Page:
Topic 1 – Physical Measurements 1.1 - Orders of Magnitude
Scientific Notation <ul><li>When recording values for quantities we often use scientific notation.
We always write a number as a number between 1 and 10 with 2 or 3 significant figures followed by an exponent of 10. </li>...
In Sci. this is 3.00x10 8  ms -1 </li></ul><li>We use an appropriate number of sig figs based on the instrument made to ma...
Scientific Notation <ul><li>Write the following values in scientific notation. </li><ul><li>The mass of a peanut = 1.6084g
Two hectares of land = 20000m 2
Seconds in a year = 31556926s
The atomic clock frequency = 9192631770Hz </li></ul></ul>
Working with Scientific Notation <ul><li>Addition and Subtraction </li><ul><li>Multiply the number with the larger exponen...
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Physics 1.1 Scientific Notation

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A simple discussion of the concept of orders of magnitude.

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Transcript of "Physics 1.1 Scientific Notation"

  1. 1. Topic 1 – Physical Measurements 1.1 - Orders of Magnitude
  2. 2. Scientific Notation <ul><li>When recording values for quantities we often use scientific notation.
  3. 3. We always write a number as a number between 1 and 10 with 2 or 3 significant figures followed by an exponent of 10. </li><ul><li>e.g. the speed of light is 299742548 ms -1
  4. 4. In Sci. this is 3.00x10 8 ms -1 </li></ul><li>We use an appropriate number of sig figs based on the instrument made to make the measurement. </li><ul><li>If in doubt, choose 3 sig figs </li></ul></ul>
  5. 5. Scientific Notation <ul><li>Write the following values in scientific notation. </li><ul><li>The mass of a peanut = 1.6084g
  6. 6. Two hectares of land = 20000m 2
  7. 7. Seconds in a year = 31556926s
  8. 8. The atomic clock frequency = 9192631770Hz </li></ul></ul>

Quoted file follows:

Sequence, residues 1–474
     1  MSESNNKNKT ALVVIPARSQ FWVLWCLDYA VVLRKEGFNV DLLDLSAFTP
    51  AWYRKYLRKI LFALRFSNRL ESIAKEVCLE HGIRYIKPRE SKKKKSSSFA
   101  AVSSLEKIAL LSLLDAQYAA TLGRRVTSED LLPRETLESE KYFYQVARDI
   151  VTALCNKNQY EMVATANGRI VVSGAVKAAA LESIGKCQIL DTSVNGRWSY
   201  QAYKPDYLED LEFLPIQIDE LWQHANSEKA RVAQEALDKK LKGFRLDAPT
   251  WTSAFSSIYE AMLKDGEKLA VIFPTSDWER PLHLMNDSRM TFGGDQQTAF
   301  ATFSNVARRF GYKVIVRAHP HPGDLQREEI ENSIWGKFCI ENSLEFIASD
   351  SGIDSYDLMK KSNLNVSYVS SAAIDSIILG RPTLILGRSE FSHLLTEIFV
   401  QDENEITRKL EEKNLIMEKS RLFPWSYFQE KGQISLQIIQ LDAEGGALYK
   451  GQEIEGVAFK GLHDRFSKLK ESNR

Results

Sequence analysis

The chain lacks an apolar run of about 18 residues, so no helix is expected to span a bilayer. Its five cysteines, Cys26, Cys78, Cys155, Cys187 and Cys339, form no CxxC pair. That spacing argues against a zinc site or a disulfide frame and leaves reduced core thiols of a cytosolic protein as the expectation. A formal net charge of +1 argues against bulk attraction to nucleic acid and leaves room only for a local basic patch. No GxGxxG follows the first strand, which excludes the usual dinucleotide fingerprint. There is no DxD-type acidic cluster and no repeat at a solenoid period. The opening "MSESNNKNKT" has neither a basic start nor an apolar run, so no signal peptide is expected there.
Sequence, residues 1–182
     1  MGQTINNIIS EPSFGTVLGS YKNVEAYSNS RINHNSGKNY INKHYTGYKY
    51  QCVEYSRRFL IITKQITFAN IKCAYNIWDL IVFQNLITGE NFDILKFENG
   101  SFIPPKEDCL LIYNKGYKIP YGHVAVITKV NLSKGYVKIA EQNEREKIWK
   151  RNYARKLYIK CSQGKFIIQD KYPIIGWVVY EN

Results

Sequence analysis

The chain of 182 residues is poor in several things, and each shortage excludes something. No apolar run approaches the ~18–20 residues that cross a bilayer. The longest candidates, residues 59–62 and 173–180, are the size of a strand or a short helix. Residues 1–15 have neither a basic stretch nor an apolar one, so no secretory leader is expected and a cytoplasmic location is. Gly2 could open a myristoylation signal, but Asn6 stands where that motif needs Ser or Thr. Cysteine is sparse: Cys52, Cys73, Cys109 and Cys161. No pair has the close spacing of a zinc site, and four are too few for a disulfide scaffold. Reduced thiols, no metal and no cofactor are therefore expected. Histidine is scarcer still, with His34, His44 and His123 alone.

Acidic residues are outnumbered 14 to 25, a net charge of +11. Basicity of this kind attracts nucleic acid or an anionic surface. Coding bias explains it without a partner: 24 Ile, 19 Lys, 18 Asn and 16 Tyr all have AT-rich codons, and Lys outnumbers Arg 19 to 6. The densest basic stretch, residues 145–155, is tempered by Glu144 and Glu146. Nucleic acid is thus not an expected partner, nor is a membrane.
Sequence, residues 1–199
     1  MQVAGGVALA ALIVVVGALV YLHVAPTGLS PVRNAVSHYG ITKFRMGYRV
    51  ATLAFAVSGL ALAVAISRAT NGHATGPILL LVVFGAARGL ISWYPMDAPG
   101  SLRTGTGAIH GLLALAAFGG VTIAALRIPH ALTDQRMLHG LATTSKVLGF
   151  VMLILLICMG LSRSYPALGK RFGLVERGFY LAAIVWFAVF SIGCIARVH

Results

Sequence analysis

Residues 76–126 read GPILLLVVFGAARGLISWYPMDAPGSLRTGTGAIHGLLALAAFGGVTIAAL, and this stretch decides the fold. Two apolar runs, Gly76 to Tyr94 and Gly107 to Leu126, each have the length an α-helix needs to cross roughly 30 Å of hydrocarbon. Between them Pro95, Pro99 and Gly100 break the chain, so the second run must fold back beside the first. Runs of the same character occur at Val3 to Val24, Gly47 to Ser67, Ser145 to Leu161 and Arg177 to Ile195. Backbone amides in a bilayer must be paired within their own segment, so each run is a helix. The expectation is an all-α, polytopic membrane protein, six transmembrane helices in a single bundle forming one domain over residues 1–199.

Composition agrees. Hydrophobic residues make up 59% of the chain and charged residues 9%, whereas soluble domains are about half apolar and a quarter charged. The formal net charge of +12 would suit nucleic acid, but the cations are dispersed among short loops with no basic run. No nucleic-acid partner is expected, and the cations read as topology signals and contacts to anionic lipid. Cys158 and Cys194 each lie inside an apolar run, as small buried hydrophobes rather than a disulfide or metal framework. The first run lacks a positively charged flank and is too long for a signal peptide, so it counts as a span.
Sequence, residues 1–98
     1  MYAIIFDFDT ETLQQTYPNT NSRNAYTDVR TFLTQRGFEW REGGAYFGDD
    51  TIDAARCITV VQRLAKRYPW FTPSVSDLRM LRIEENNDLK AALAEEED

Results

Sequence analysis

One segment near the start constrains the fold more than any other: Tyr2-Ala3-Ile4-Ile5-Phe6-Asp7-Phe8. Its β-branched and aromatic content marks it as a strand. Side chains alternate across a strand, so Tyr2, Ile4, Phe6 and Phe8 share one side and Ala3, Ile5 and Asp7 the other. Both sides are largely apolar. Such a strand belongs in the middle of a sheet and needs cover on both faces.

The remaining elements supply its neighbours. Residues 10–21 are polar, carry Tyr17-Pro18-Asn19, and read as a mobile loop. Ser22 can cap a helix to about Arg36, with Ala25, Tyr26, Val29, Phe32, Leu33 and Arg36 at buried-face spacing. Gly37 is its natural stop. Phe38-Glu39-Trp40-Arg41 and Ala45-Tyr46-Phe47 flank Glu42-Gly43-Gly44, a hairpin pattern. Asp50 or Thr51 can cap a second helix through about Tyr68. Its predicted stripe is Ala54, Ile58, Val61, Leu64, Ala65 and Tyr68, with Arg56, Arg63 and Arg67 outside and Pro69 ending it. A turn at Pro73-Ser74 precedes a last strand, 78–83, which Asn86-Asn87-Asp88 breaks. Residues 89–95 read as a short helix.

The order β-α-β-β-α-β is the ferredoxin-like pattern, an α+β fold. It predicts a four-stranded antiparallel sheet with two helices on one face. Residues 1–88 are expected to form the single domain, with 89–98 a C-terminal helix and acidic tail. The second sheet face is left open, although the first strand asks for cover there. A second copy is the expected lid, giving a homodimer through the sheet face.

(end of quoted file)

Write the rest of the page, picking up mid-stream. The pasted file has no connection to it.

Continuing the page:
9. 9. Working with Scientific Notation <ul><li>Addition and Subtraction </li><ul><li>Multiply the number with the larger exponent repeatedly by 10 until the exponents are the same.
  10. 10. Now simply add or subtract the numbers
  11. 11. Finally simplify back into Scientific Notation </li><ul><li>example
  12. 12. 4.1x10 2 + 3.8x10 3 = (4.1 + 38)x10 2 = 42.1x10 2 =4.21x10 3
  13. 13. question
  14. 14. Find: 6.8x10 99 – 4.5x10 97 </li></ul></ul></ul>
  15. 15. Working with Scientific Notation <ul><li>Multiplication and Division </li><ul><li>Multiply or divide the numbers in the normal way.
  16. 16. If multiplying then ADD the exponents; if dividing then SUBTRACT the exponents
  17. 17. Finally simplify back into Scientific notation. </li><ul><li>Example
  18. 18. 1.5x10 -5 x 4.0x10 2 = (1.5 x 4.0)x10 (-5 + 2) =6x10 -3
  19. 19. Question
  20. 20. Find: 8x10 78 / 5x10 45 </li></ul></ul></ul>
  21. 21. Orders of Magnitude <ul><li>Often, we only want to compare the orders of magnitude of two quantities.
  22. 22. The order of magnitude is simply the exponent part of scientific notation. </li><ul><li>Think of it as a inaccurate approximation. </li></ul><li>We use the tilde ~ to signify order of magnitude. </li><ul><ul><li>Example
  23. 23. The speed of light is 299742548ms -1 . Its order of magnitude is ~10 8 ms -1 </li></ul></ul></ul>
  24. 24. Orders of Magnitude <ul><li>Use WolframAlpha ( http://www.wolframalpha.com ) to find values of (in Sci.) and the order of magnitudes of: </li><ul><li>The atomic diameter of iron
  25. 25. The nuclear diameter of lead
  26. 26. The size of visible Universe.
  27. 27. The mass of the electron.
  28. 28. The mass of the Universe.
  29. 29. The age of the Universe. </li></ul></ul>
  30. 30. <ul><li>Comparing orders of magnitudes allows us to work out how many times bigger something is. </li><ul><ul><li>Example
  31. 31. How many times smaller is the nucleus than an atom?
  32. 32. 10 -15 / 10 -10 = 10 -5 times smaller OR 5 orders of magnitude.
  33. 33. Questions
  34. 34. How many times more massive is the Universe than an electron?
  35. 35. How many times older is the Universe than the passage of light across an atom? </li></ul></ul></ul>How many times smaller is …?
  36. 36. Estimation <ul><li>Using your experience of the world estimate in Scientific notation and order of magnitude : </li><ul><li>The length of a 747 Jet
  37. 37. The area of a tennis court
  38. 38. The mass of a basketball
  39. 39. The height of an average man
  40. 40. The mass of an average man
  41. 41. The mass of an average car. </li></ul></ul>
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